Once you’re into the winter mode it’s important to get regular information on how things are going performance-wise.
Rarely does this data contradict what your training diary and intuitive hunch would already suggest, but it’s still good practice to get a measure of how unfit you are, how much you’ve progressed or how on track you are. Data either proves you’re doing things correctly or will show that things must change.
If you use existing blocks of training time, regular routes, on-hand facilities and your own electronic tools, then it’s cheap to do this form of testing. It’s also easily repeatable and very easy to fathom out what the numbers actually mean.
Alternatively, you could pay for a multi-page lab report, which may be impressive (and relevant for a few) but how do you actually integrate that into your training, nutrition and recovery methods if it’s a one-off visit to such a facility?
Mind overpowers matter
The psychological benefit of coming back from a benchmark test happy in the knowledge you’re fitter-for-purpose should not be underestimated. But moving forwards shouldn’t nurture complacency, rather it gives you a tentative thumbs-up and a wink.
Progress in your test metrics shows that you’re doing things right and are therefore tweaking things correctly (e.g. training quantity, number of days off, sleep habits, nutrition intake, etc.).
This is incredibly tricky though, as elements out of your control such as your work level, family/relationship commitments, life events and health mean you probably can’t simply start in December, or most likely earlier, and follow a constantly upward-trending training programme of further, faster and fitter.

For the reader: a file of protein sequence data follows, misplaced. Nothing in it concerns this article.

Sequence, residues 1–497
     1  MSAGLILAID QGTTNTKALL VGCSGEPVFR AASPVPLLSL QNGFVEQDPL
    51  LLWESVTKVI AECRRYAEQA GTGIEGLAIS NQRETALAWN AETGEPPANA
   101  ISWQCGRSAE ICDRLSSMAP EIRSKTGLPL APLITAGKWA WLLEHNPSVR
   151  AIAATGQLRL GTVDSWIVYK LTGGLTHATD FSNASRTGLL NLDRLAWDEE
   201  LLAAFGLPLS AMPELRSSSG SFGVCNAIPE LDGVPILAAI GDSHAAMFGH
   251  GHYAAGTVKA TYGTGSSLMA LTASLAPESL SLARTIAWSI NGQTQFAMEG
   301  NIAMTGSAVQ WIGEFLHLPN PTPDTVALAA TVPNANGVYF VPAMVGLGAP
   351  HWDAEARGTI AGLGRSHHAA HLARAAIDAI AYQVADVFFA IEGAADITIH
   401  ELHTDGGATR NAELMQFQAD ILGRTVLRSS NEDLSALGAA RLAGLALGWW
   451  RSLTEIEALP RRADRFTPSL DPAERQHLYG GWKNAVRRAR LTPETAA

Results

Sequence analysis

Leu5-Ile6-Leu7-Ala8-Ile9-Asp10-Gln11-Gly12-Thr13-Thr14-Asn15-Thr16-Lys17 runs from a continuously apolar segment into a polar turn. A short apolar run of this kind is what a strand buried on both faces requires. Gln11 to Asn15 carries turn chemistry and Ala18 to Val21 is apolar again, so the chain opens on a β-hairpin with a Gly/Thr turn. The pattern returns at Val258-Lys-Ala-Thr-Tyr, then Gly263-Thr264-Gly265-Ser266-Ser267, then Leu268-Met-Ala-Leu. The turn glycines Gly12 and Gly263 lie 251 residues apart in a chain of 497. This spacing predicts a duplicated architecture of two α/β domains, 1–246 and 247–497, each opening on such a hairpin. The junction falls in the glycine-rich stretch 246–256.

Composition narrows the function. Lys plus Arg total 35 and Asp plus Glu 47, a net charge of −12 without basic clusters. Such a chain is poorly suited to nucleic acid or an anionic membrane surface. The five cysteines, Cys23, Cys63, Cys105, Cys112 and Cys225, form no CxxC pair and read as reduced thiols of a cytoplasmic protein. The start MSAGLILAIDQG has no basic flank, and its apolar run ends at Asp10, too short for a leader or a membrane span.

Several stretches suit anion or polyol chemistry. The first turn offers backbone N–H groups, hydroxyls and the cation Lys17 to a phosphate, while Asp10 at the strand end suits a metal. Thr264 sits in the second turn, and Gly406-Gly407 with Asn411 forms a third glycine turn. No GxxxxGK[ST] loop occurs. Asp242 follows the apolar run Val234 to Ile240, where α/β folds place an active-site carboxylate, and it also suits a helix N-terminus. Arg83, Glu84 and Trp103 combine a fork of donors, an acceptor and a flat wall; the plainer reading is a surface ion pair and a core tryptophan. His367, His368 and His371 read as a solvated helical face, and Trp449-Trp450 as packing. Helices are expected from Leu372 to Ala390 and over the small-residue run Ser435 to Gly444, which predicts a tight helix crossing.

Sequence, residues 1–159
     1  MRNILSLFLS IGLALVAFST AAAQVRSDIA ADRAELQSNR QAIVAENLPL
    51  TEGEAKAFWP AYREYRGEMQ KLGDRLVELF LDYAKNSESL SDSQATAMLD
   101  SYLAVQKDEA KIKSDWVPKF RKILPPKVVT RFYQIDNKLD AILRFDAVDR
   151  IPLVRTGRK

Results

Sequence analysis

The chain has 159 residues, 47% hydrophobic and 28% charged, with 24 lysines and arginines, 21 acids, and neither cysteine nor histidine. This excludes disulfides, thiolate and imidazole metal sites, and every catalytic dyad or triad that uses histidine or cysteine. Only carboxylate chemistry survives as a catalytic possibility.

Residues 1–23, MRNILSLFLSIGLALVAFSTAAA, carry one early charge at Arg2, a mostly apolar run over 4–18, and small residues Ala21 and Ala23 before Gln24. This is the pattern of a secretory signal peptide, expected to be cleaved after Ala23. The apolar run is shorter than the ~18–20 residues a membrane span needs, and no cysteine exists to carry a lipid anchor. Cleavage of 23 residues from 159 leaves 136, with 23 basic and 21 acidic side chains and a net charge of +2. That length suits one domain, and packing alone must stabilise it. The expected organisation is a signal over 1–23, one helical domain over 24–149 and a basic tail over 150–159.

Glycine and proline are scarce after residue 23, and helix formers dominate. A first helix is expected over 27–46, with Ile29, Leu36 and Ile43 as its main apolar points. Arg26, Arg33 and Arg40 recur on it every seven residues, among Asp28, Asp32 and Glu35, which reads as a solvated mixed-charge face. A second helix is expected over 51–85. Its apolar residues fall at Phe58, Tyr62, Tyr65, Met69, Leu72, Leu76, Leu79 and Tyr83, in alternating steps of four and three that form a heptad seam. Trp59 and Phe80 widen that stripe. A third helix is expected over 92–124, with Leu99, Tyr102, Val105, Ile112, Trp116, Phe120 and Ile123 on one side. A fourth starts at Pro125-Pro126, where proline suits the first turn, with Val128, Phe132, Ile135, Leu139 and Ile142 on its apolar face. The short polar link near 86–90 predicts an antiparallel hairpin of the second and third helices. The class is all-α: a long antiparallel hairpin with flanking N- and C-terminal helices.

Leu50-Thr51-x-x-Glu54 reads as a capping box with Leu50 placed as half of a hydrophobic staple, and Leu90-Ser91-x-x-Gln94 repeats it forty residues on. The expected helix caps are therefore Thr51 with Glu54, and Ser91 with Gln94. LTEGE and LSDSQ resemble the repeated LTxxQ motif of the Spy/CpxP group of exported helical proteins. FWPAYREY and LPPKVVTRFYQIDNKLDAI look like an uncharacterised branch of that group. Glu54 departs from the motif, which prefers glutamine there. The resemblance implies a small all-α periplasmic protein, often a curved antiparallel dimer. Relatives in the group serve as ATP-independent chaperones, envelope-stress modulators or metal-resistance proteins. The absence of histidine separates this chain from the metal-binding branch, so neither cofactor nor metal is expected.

Measure you against you
The benchmark tests (see bottom) each have a number that you can measure (e.g. swim pace per 100m, hill climbing heart rate or run-loop pace) that will stay the same, improve or worsen. This is you, being honest with yourself about where you are.
If you’re good at kidding yourself then perhaps employ a coach or friend to test and assess where you’re at. There are only so many times when the result from your test is actually ‘outlier’ data.
Be honest and it will make you train smarter in order to see improvements. That said, never ever imagine that your competitors are always getting faster and never ignore/deny setbacks or being below par. Good times only happen if you acknowledge when you have bad ones.
The tests may be customised to your own preference, but it’s a planned session – it’s not just hammering training mates when you feel good (and they feel bad). Training, testing and racing are all distinctly different. Start now and use the information gleaned wisely.
You can find lots more free triathlon training plans on the 220 Triathlon website, including sprint distance, Olympic distance, Ironman, swimming and more.